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MDHHS bans face-down restraints in wake of Cornelius Fredericks death

MDHHS official says Fredericks death ‘a nightmare for his family, tragedy from which none of us can look away’
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MDHHS bans face-down restraints at facilities in wake of Cornelius Fredericks death
Posted at 7:36 PM, Jul 16, 2020
and last updated 2020-07-16 19:36:13-04

KALAMAZOO, Mich. — Weeks after Cornelius Fredericks died after being restrained at Lakeside Academy where he was living, the Michigan Department of Health and Human Services suspended the facility’s license and terminated their contract.

Thursday, MDHHS banned face-down restraints at all of their facilities in the state.

“The type of dangerous restraint that we have specifically prohibited in this emergency rule is the use of prone or what others would call face-down restraints as well as any restraint that restricts the breathing of the young person,” said MDHHS Children’s Services Agency Executive Director JooYuen Chang during a virtual meeting Thursday morning. “That was the incident that we had with Cornelius at Lakeside.”

According to Kalamazoo Public Safety and the Kalamazoo County Prosecutors Office, Cornelius Fredericks was restrained at Lakeside on April 29 by staff members sitting on his chest. Police said that when they arrived they found him in cardiac arrest. Two days later he died at Bronson hospital.

“Cornelius Fredericks death at Lakeside Academy is a nightmare for his family and a tragedy from which none of us can look away,” said MDHHS director Robert Gordon. “At MDHHS we will not rest until we have done everything in our power so that no other child suffers the same way.”

Wednesday, MDHHS held a virtual meeting for local and national media outlets and explained their decision to ban face-down restraints and announce further changes.

“We have required in this emergency rule new incident reporting requirements,” Chang said. “They have to notify the young person’s family within 12 hours and they have to notify the department within 24 hours. We will be collecting that information and using it to ensure that all kids are safe in all facilities.”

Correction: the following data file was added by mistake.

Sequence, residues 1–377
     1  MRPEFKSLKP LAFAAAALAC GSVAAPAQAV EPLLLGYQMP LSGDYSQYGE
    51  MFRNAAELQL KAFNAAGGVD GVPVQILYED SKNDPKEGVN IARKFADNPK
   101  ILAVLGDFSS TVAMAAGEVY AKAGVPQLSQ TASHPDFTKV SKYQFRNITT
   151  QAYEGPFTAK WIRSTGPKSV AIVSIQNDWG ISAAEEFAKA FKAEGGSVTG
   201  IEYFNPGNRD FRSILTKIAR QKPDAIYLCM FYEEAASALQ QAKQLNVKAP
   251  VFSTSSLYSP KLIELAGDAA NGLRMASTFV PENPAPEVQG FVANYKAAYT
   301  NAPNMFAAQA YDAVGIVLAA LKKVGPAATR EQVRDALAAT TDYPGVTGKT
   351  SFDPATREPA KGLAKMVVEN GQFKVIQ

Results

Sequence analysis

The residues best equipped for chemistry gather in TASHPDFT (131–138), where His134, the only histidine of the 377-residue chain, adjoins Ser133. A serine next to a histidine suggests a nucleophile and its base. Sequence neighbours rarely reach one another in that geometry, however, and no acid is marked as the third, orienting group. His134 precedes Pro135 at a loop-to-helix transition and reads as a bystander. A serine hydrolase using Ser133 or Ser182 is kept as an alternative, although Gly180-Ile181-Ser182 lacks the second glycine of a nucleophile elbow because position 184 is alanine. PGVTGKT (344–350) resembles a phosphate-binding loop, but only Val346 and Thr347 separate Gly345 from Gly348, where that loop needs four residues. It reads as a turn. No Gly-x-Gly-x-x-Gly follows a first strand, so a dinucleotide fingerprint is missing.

The MDHHS acknowledged that they’ve already had safety guidelines in place at Lakeside and when staff members violated the rules, the state visited the facility and implemented a ‘corrective plan’. In some cases, staff members were fired.

However MDHHS admitted to ‘missing some of the early warning signs.’

“We recognized immediately after Cornelius’ death that we had to ensure that every other child and every other facility was safe,” Chang said. “We actually went back and did a review of every single facility to see if they had even one serious incident in the past two years or any repeat incident related to safety. We looked at every one of those facilities against that marker. We identified 76 facilities that fell within that risk corridor and we did intensive case reviews.”

Chang emphasized that ideally child welfare facilities like Lakeside should be used as temporary residential places intended to meet a youth’s therapeutic needs.

She said using the facilities in any other way creates risk.

“We have to both train our staff on the specific interventions that kids need,” she said. “We need to train them about trauma and how to de-escalate using alternative methods.”

Lakeside said in a previous interview with FOX 17 that all the students have either returned to their home states or to other facilities.

In June, Cornelius Frederick’s family filed a lawsuit against Lakeside and its parent company Sequel Youth Services.

In July, three former staff members were charged with manslaughter and child abuse at the Kalamazoo County Courthouse. They're expected to return to court next week.

In the meantime, MDHHS vowed to implements the changes immediately and train more staff on prevention techniques.

“We are moving toward the goal of ending the use of restraints in institutional settings,” Gordon said. “Restraints are too often used as an easy way to control youth in place of the harder but necessary work of evidence-based practices that help young people address mental health challenges and heal and overcome trauma.”